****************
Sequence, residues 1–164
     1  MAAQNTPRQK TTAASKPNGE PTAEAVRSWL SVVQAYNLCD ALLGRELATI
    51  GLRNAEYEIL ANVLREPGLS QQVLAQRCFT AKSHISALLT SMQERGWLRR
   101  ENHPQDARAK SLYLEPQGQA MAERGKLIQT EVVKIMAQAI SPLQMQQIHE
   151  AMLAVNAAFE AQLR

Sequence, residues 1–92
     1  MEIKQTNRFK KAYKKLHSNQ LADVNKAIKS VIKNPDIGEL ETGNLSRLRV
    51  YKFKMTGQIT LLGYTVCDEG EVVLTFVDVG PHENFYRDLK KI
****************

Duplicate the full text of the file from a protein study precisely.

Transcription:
Sequence, residues 1–164
     1  MAAQNTPRQK TTAASKPNGE PTAEAVRSWL SVVQAYNLCD ALLGRELATI
    51  GLRNAEYEIL ANVLREPGLS QQVLAQRCFT AKSHISALLT SMQERGWLRR
   101  ENHPQDARAK SLYLEPQGQA MAERGKLIQT EVVKIMAQAI SPLQMQQIHE
   151  AMLAVNAAFE AQLR

Sequence, residues 1–92
     1  MEIKQTNRFK KAYKKLHSNQ LADVNKAIKS VIKNPDIGEL ETGNLSRLRV
    51  YKFKMTGQIT LLGYTVCDEG EVVLTFVDVG PHENFYRDLK KI